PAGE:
Some critics are skeptical about the agency of the Lumad towards political participation, calling them pawns of the far left. They are blithely unaware that their statements do more harm than good: If their intention were to help liberate the Lumad from exploitation, questioning the legitimacy in their exercise of political autonomy doesn’t do any one a favor.
The earnest and laborious planning, time and effort that goes into organizing complex campaigns such as the successive Lakbayans are suddenly placed on the line after certain academics cast a shadow of doubt over the “sincerity” of the Lumad in holding them, alleging that these coordinated mass demonstrations are the product of brainwashing national minorities to forward the narrow interests of the left.
But how realistic is this claim? Is it even remotely possible for rallies of this magnitude, catching the attention of international organizations and foreign countries, to succeed based entirely on deception?
Not even President Rodrigo Duterte, who has in his arsenal the full machinery of the state, military and resources of the country, succeeded in gathering scores of people from all over the Philippines in a single place for weeks upon weeks.
Mobilizations like the Lakbayans need the determination and commitment its participants can only muster when they are united under a common cause. Unity in will equates to unity in action. And unity is the zenith of agency.
Lastly, it is also important to accept that when the Lumad side with revolutionary organizations there is no absolute agency involved. Because no one is 100 percent certain that their choice to join the revolution is full proof. The truth of the matter is that, participating in a war is a daily struggle- a struggle even some of the greatest revolutionaries face and have to overcome. Because waging a war is difficult and risking your life for a future you cannot readily perceive is challenging to do.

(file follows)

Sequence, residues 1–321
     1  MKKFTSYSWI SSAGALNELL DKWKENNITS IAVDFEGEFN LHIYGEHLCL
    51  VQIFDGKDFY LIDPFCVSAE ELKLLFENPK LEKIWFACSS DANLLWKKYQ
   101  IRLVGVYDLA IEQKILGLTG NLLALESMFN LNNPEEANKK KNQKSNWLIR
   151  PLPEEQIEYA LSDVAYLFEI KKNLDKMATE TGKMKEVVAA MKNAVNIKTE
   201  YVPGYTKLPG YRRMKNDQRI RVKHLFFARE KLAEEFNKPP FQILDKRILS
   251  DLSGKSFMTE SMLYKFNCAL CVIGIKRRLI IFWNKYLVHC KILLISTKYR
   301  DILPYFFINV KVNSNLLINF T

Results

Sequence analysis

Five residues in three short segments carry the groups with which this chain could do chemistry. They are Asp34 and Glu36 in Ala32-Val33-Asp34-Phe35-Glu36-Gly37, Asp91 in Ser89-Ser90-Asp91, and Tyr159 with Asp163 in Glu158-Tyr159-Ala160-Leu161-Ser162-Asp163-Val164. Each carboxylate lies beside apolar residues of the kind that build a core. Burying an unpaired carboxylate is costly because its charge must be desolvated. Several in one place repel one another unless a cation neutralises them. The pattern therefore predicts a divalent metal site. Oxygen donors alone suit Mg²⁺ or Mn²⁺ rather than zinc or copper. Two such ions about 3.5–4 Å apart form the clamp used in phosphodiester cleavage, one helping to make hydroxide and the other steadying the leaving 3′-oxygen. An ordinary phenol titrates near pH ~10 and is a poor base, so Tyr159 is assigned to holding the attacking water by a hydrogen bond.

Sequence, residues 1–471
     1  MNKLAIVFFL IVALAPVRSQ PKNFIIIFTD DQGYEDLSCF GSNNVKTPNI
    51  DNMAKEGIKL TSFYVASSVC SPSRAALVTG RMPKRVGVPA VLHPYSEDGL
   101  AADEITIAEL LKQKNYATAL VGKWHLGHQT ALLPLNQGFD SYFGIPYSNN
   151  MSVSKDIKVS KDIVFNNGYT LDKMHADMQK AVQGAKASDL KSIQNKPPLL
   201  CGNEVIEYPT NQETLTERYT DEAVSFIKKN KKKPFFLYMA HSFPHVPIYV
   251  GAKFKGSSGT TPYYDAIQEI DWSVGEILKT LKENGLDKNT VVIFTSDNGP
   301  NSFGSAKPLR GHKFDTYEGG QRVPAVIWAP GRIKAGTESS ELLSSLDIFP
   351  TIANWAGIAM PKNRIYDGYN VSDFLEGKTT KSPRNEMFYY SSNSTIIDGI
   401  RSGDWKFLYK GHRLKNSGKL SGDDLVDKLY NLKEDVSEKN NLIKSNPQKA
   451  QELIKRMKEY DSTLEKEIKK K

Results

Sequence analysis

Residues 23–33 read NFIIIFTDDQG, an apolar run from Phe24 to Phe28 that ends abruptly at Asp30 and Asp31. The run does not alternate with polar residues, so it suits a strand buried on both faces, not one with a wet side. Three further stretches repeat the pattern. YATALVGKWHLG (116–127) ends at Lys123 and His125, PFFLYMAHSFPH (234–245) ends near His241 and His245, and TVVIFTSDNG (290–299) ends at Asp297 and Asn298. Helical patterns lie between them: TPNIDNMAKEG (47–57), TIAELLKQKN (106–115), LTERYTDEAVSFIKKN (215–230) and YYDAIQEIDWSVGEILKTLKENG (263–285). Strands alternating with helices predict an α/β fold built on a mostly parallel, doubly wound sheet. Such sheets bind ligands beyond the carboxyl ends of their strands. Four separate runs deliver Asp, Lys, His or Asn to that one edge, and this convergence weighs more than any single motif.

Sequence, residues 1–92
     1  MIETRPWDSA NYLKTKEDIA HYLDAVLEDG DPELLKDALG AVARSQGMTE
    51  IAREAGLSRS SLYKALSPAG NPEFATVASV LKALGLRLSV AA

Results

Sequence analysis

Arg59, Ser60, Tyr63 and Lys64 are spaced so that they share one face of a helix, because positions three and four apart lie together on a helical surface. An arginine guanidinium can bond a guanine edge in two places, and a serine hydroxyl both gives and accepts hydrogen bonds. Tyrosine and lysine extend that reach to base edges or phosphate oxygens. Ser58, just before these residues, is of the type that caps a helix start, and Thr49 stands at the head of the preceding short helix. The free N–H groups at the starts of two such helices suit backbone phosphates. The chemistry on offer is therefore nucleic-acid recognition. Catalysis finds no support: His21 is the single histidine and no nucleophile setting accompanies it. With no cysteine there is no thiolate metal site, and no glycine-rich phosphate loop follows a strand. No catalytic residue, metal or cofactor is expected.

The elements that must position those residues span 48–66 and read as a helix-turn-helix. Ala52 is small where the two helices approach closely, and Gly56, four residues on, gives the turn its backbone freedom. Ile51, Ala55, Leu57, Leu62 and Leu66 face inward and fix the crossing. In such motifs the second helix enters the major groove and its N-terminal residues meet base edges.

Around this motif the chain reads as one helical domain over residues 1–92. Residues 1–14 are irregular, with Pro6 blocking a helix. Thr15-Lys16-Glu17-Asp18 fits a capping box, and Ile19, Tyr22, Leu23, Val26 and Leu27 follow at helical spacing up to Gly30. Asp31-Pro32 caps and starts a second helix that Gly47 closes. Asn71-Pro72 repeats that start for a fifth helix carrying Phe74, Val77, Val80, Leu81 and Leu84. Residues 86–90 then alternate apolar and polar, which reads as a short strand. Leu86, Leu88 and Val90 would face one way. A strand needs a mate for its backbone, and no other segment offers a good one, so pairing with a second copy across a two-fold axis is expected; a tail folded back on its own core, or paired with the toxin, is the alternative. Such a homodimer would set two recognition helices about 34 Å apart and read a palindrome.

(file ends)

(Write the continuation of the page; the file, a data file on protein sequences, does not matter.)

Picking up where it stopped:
But the revolutionary struggle in the country sides has persisted for 50 years precisely because while the question of persevering remains, the determination and necessity to fight also becomes more urgent with time. Some of the Maoists in our country would often be heard saying:
“As far as our own desire is concerned, we do not want to fight even for a single day. However, if circumstances force us to fight, we can fight to the finish.”
Thus, Arguelles is right when he says that there is no absolute agency in taking up arms. But that is only due to the fact that fighting is more of a necessity than a leisurely stroll along the park.
The war isn’t theirs
The unity we have found among the Lumad, the unity we aspire for, is the key to ending the highest form of exploitation that translates beyond any single group of people or party.
The imperialist plunder of our natural resources, intervention in our politics and the destruction of our culture is the real enemy against which our country must resist and repel collectively.
And therefore, it is true that the Lumad are fighting a war that isn’t there’s. That is principally because it was never exclusively anyone’s in the first place. The war we fight is national in character, it is ours as a people regardless of ethnicity.
But make no mistake, Arguelles is wrong on all levels. Because instead of understanding the situation of the Lumad in how it has historically developed, instead of tracing how a significant number of Lumad groups have met and grown to cherish the revolutionaries they share the mountains with, he has chosen to idealize the Lumad as capable of championing their right to self-determination alone. But they are not alone, and neither are we.
Joshua Musico Sagdullas
Bayan Eastern Visayas
Tacloban City, Philippines